'Dangerous overcrowding': The Trump administration's own internal report just revealed horrifying pictures of migrants held in abusive conditions

'Dangerous overcrowding': The Trump administration's own internal report just revealed horrifying pictures of migrants held in abusive conditions
Overcrowding of families observed by OIG on June 10, 2019, at Border Patrol’s McAllen, TX, Station. Source: Office of the Inspector General

A new report released Tuesday exposed the horrifying and abominable conditions of the U.S. Department of Homeland Security's migrant detention facilities.


Conducted by the department's inspector general, the report found that immigrants, both adults and children, in custody of Customs and Border Patrol at multiple locations near the U.S.-Mexico border are subject to "dangerous overcrowding" that has been "prolonged."

The report said it acknowledged that the department faces "extraordinary challenges," but that "DHS is not taking sufficient measures to address prolonged detention in CBP custody among single adults."

The pictures included in the report tell a devastating story of the abusive conditions all on their own:

[caption id="attachment_1120867" align="aligncenter" width="1024"] Overcrowding of families observed by OIG on June 11, 2019, at Border
Patrol’s McAllen, TX, Centralized Processing Center. Source: OIG[/caption]

[caption id="attachment_1120868" align="aligncenter" width="1024"] Overcrowding of families observed by OIG on June 11, 2019, at Border Patrol’s
Weslaco, TX, Station. Source: Office of the Inspector General[/caption]

On the week of June 10, 2019, the IG conducted inspections of the detainment facilities in response to reports about dangerous overcrowding.

"Border Patrol was holding about 8,000 detainees in custody at the time of our visit, with 3,400 held longer than the 72 hours generally permitted under [CBP's] standards. Of those 3,400 detainees, Border Patrol held 1,500 for more than 10 days," the report said.

About 31 percent of the children have been held at the facilities longer than is permitted by the Flores agreement, a standard which has been set in conjunction between the courts and the executive branch, the IG found.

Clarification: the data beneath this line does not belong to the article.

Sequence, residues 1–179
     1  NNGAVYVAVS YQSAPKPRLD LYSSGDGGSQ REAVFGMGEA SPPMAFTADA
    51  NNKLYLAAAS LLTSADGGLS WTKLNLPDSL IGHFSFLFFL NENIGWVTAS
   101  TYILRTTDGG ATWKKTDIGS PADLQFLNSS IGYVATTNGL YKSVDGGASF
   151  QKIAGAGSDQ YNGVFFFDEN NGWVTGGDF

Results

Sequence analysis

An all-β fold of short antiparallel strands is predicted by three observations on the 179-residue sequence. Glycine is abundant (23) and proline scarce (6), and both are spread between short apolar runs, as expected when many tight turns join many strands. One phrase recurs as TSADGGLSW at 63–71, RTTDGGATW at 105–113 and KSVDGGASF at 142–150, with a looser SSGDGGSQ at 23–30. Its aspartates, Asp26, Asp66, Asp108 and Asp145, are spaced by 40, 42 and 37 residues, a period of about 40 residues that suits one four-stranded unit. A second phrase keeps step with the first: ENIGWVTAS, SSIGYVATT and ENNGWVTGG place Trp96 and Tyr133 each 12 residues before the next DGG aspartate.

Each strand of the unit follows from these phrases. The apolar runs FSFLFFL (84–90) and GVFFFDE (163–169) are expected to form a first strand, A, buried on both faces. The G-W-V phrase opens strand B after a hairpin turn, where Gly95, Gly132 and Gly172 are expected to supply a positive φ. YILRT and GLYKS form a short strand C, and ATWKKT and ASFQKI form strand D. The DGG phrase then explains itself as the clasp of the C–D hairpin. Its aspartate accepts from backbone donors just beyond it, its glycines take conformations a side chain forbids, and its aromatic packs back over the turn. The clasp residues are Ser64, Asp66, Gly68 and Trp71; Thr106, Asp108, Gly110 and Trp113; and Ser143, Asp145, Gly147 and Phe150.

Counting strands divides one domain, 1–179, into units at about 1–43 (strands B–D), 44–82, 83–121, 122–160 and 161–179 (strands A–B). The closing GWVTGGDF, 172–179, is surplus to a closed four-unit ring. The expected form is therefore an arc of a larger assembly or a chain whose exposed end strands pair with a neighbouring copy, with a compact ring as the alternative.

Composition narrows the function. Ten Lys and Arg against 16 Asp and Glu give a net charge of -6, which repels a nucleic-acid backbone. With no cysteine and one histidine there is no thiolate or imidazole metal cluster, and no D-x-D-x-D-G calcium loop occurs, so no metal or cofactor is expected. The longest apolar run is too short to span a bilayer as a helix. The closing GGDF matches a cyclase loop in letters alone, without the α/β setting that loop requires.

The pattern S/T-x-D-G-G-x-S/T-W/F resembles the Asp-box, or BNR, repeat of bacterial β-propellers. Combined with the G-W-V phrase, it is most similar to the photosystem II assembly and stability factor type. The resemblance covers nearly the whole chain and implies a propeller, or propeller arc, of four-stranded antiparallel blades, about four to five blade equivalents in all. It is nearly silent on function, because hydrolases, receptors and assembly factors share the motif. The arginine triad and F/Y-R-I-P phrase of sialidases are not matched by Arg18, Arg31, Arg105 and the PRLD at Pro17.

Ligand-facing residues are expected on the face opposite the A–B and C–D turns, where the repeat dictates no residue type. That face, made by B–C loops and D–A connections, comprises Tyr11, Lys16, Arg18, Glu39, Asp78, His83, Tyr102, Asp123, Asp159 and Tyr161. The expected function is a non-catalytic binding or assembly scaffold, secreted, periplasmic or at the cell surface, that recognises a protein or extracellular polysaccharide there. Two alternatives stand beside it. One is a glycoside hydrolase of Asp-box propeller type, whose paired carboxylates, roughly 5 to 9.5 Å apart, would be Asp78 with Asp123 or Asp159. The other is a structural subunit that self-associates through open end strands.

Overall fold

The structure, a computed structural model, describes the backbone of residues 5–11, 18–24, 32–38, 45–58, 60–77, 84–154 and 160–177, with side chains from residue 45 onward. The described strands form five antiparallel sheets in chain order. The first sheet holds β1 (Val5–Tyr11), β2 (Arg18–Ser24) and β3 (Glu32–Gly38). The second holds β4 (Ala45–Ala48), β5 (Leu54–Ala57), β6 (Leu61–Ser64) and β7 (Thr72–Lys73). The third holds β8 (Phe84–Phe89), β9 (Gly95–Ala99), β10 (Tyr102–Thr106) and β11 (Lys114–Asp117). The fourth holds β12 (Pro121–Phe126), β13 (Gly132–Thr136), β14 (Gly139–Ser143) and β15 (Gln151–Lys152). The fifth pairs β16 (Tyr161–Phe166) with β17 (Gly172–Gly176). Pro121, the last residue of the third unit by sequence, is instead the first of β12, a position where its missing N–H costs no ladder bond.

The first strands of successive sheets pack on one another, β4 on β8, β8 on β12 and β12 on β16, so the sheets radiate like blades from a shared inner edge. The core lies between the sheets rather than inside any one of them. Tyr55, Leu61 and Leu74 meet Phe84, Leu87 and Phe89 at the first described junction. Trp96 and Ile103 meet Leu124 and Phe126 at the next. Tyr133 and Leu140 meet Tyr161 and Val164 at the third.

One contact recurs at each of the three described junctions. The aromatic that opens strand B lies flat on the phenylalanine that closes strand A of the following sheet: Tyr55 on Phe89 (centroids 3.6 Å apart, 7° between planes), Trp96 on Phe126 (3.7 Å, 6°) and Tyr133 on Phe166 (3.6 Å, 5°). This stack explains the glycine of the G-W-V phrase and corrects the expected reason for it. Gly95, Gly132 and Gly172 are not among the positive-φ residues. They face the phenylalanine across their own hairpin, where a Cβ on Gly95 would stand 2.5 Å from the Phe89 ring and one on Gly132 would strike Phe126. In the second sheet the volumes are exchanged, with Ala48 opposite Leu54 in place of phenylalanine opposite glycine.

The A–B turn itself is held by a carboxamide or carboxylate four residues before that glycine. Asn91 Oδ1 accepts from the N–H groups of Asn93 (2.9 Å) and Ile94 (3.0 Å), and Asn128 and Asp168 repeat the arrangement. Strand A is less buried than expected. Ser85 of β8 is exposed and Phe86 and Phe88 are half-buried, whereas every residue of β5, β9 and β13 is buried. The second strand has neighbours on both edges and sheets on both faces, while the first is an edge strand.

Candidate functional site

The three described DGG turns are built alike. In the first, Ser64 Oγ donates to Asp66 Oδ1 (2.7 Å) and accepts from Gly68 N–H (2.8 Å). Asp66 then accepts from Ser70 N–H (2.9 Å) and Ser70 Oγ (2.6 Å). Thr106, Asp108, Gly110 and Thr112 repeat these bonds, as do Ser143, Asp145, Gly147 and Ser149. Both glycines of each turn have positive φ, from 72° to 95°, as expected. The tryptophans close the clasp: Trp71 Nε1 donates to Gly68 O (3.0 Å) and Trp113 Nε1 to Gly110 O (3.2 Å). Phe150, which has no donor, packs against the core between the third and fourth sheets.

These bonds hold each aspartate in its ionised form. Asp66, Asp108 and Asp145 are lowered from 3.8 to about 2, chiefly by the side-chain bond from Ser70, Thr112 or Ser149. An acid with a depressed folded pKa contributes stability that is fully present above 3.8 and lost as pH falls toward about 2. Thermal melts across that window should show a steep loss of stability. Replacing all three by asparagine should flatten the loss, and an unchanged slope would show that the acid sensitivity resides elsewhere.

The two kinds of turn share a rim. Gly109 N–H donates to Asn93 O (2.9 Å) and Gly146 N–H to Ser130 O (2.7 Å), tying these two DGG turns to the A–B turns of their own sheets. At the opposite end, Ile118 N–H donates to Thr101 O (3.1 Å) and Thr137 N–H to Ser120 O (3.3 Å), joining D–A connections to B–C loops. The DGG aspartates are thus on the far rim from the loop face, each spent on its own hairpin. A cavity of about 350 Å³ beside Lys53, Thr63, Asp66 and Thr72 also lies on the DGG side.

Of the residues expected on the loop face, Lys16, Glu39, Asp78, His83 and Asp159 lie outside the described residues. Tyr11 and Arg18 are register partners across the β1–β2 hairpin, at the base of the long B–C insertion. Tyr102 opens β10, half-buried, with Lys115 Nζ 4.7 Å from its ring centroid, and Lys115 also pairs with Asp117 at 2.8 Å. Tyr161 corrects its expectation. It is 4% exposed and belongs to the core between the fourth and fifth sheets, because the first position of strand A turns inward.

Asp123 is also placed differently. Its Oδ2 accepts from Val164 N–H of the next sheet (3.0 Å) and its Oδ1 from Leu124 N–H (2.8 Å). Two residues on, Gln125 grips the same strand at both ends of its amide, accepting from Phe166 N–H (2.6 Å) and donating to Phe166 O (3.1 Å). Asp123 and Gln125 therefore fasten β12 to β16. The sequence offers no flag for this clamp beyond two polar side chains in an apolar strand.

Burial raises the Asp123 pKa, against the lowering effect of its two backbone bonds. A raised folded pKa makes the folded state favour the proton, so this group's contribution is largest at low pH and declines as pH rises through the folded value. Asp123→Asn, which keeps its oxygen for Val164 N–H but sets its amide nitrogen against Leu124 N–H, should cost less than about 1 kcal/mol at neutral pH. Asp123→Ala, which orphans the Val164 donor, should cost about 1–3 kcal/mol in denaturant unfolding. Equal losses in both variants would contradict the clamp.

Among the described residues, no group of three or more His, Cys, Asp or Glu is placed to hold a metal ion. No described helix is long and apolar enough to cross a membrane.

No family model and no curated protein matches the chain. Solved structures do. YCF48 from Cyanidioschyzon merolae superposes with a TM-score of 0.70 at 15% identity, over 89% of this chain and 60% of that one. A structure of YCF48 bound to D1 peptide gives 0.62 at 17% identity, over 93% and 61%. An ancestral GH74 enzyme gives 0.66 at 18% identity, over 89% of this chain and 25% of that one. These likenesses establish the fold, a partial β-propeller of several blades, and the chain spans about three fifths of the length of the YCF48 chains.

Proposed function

The report said of the "unaccompanied minors" ("UACs"):

In addition to holding roughly 30 percent of minor detainees for longer than 72 hours, several Rio Grande Valley facilities struggled to meet other TEDS standards for UACs and families. For example, children at three of the five Border Patrol facilities we visited had no access to showers, despite the TEDS standards requiring that “reasonable efforts” be made to provide showers to children approaching 48 hours in detention.8 At these facilities, children had limited access to a change of clothes; Border Patrol had few spare clothes and no laundry facilities. While all facilities had infant formula, diapers, baby wipes, and juice and snacks for children, we observed that two facilities had not provided children access to hot meals — as is required by the TEDS standards — until the week we arrived. Instead, the children were fed sandwiches and snacks for their meals. Additionally, while Border Patrol tried to provide the least restrictive setting available for children (e.g., by leaving holding room doors open), the limited space for medical isolation resulted in some UACs and families being held in closed cells.

It also said that some of the people in custody "were held in standing room only conditions for a week and at another, some single adults were held more than a month in overcrowded cells," in violation of the department's standards. Some of the immigrants have reportedly tried to escape the facility when temporarily moved from the cells.

[caption id="attachment_1120870" align="aligncenter" width="622"] Standing room only for adult males observed by OIG on June 10, 2019, at
Border Patrol’s McAllen, TX, Station. Source: Office of the Inspector General[/caption]

[caption id="attachment_1120871" align="aligncenter" width="623"] Standing room only for adult males observed by OIG on June 10, 2019, at
Border Patrol’s McAllen, TX, Station. Source: Office of the Inspector General[/caption]

Some have tried to defend the administration's treatment of these migrants, many of whom come to the United States seeking asylum. But this kind of treatment is indefensible. The administration claims it is obligated to hold asylum seekers while their claims are processed, but this is not necessary; they could just be let go and provided with a hearing date. President Donal Trump, of course, has built his political success on claiming that the population of migrants as a whole is dangerous, but this is rank bigotry that has been used to justify brutal oppression of minorities for generations. The abusive conditions the new report reveals proves that the administration is unable to house the immigrants in even moderately humane conditions, and under these circumstances, there is no justification for keeping the migrants confined and immiserated.

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